WILLMAR -- Willmar Municipal Utilities' monthly principal and interest payments toward the planning process for the cancelled Big Stone II project have been reduced.
The utility received a $50,464 refund from a fund balance and will use the refund to reduce the remaining monthly payments from $18,637 to $13,591, said Bruce Gomm, Willmar Utilities general manager. He said the payments will end Nov. 30, 2011.
"That will be the finalization of the payments of the Big Stone project,'' Gomm told the Municipal Utilities Commission on Monday. Willmar's payments will total about $1.4 million, he said.
Willmar and other utilities that had agreed to buy power from the proposed $1.6 billion, 550- to 600-megawatt plant in eastern South Dakota were obligated to pay off bonds that were sold to finance their share of planning costs.
Big Stone II was cancelled in October 2009 after the lead developer, Otter Tail Power Company, pulled out of the project.
Besides the power plant, the project included buying right of way for transmission lines to bring power into and through Minnesota.
Although the lines were not built, there is still some value to the right of way, said Gomm.
"They still own some transmission right of way that they had secured as part of the planning of the project and there is some value out there,'' he said.
"It's still possible that another entity could come along and purchase those, and if that is the case, then we would be getting a refund of our portion of that project,'' he said, but that possibility has yet to be seen.
"I think it's getting more and more likely, but we don't know exactly how that will be for us,'' he said.
In other business, Gomm and commissioner Jerry Gesch reported on topics discussed at the June 17-22 national conference of the American Public Power Association in Washington, D.C.
Gomm said political analysts who have been in the nation's capital for up to 40 years said they have never seen D.C. as polarized as it is right now, either on the far right or far left, which will make it more difficult to get things passed.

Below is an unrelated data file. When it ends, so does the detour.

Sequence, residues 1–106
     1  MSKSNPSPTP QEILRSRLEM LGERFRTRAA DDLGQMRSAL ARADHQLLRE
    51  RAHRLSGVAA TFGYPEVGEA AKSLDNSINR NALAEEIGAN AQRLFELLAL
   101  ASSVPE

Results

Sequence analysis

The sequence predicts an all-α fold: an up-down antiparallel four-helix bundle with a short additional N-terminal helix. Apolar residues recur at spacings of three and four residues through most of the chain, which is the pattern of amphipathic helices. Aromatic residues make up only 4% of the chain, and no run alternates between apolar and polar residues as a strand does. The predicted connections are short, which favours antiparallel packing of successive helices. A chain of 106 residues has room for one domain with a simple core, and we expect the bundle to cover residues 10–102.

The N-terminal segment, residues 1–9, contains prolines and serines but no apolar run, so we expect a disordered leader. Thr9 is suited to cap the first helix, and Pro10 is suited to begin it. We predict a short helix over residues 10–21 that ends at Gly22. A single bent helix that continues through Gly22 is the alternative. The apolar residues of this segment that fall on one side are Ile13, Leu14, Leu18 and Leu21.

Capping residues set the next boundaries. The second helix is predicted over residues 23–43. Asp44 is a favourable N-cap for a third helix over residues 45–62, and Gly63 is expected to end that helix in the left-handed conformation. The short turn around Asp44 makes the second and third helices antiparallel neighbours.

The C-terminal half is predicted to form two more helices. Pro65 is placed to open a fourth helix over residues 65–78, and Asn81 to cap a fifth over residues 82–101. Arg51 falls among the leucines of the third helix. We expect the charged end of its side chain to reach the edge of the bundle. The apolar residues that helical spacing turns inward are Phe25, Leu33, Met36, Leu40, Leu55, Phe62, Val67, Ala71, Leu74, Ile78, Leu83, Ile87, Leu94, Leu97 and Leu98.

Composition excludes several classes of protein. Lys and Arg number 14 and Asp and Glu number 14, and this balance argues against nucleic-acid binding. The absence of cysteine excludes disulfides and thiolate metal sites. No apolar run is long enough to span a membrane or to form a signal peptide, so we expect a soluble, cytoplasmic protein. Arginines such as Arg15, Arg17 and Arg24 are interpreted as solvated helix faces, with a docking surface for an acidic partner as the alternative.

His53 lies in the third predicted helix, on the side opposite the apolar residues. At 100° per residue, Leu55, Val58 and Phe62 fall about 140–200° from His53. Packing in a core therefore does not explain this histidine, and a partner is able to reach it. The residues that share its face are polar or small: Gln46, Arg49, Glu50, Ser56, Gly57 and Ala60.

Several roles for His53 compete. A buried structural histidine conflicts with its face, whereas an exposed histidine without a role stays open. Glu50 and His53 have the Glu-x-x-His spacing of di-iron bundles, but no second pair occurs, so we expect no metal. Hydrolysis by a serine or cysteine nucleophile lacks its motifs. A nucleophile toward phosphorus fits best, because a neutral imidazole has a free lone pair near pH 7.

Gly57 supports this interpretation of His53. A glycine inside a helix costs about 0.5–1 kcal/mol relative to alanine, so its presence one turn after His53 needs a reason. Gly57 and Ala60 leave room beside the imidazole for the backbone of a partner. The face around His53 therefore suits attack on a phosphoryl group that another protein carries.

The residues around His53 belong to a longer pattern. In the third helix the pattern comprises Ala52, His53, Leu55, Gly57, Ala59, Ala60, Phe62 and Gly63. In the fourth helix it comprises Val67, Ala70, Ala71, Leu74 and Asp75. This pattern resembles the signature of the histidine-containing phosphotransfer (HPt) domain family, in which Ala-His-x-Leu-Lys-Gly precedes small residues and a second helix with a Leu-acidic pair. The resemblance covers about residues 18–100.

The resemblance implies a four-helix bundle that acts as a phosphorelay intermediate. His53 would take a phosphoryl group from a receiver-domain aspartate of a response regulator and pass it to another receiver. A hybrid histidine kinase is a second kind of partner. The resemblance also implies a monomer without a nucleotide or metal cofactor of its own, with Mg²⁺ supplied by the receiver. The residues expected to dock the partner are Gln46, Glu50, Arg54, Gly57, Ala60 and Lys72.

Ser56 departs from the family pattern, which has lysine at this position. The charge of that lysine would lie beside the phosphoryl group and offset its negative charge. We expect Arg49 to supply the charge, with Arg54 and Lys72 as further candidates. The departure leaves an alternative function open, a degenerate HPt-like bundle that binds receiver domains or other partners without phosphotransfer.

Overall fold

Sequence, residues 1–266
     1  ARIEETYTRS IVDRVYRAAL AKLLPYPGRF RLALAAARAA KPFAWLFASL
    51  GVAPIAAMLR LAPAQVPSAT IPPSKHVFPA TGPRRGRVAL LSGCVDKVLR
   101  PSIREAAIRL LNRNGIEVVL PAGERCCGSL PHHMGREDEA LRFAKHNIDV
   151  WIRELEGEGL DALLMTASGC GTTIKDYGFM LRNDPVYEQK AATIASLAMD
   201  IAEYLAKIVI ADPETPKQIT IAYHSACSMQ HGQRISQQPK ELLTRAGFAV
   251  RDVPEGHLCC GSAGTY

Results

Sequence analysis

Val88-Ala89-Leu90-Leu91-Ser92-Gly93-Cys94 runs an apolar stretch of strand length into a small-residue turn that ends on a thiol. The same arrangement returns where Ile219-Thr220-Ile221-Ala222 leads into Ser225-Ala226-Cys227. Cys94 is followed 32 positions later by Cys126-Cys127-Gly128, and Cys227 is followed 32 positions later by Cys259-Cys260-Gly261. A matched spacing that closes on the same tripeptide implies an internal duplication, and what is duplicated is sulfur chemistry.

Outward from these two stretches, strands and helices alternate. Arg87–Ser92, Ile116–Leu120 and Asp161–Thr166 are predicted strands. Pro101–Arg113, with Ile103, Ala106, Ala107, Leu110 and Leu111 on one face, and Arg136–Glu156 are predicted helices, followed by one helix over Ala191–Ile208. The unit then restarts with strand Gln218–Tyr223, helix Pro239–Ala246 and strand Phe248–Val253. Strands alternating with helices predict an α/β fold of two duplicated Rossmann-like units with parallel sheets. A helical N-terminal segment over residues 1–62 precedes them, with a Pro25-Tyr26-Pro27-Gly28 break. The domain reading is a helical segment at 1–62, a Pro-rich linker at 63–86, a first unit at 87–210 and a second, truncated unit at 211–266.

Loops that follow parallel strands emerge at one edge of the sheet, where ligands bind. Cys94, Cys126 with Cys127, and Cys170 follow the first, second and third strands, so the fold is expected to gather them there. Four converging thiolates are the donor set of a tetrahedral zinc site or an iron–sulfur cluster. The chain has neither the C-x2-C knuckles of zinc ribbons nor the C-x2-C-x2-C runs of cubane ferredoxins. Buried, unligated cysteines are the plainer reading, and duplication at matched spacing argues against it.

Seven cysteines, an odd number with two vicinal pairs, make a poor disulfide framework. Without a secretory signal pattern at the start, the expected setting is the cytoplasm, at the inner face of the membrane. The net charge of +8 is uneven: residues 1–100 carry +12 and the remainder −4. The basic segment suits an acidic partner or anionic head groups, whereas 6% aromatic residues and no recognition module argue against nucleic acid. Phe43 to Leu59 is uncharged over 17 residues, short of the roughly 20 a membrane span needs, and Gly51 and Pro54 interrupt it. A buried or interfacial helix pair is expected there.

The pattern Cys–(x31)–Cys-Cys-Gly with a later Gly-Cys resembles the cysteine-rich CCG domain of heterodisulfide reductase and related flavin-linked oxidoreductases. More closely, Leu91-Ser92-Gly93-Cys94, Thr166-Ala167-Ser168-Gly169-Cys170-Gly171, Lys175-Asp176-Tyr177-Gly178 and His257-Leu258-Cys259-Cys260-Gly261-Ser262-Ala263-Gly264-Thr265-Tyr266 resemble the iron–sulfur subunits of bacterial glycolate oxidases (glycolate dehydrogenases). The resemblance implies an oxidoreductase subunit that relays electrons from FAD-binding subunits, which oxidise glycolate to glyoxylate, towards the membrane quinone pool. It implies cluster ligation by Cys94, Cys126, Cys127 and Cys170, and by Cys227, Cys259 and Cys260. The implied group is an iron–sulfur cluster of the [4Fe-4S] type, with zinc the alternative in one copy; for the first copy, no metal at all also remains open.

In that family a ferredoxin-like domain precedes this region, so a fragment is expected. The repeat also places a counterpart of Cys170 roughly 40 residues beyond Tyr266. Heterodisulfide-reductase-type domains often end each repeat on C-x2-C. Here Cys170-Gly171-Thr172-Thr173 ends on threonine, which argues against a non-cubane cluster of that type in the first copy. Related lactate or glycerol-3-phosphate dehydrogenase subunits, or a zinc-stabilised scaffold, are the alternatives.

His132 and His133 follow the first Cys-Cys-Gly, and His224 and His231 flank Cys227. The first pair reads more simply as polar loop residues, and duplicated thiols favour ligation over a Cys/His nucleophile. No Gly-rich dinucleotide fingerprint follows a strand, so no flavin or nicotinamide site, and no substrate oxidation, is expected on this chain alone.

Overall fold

Gomm said the Nuclear Regulatory Commission discussed Japan's Fukushima nuclear power plant. All the units of the plant were damaged in a March 11 earthquake.
Gomm said the commission is looking at nuclear plants in the United States because the industry has never planned for failure of multiple units at the same site.
Gomm said he felt the good news is that there are two pending permits for nuclear power plants that the Nuclear Regulatory Commission expects to issue later this year.
"I was afraid this accident would set it back a long time,'' Gomm said. "It has set it back, but it hasn't stopped it.''
In other business, Gomm reported on the status of the six diesel-powered generating units that are leased by the utility. The trailer-mounted units produce 2 megawatts of power each and are used for utility generation needs. Three units are located at the east substation and three are located at the southwest substation.
Willmar has leased the units for the past 10 years and the utility's intent was to buy the units when the lease expires at the end of 2012, said Gomm. However, new Environmental Protection Agency regulations for improvements to reduce exhaust emissions could cost the utility $100,000 per unit.
Gomm said the $600,000 estimated cost "really changes the economics of the purchase.'' The next step is to test the units for those particular emissions and work with the consultant to find out what the true cost to meet EPA standards would be.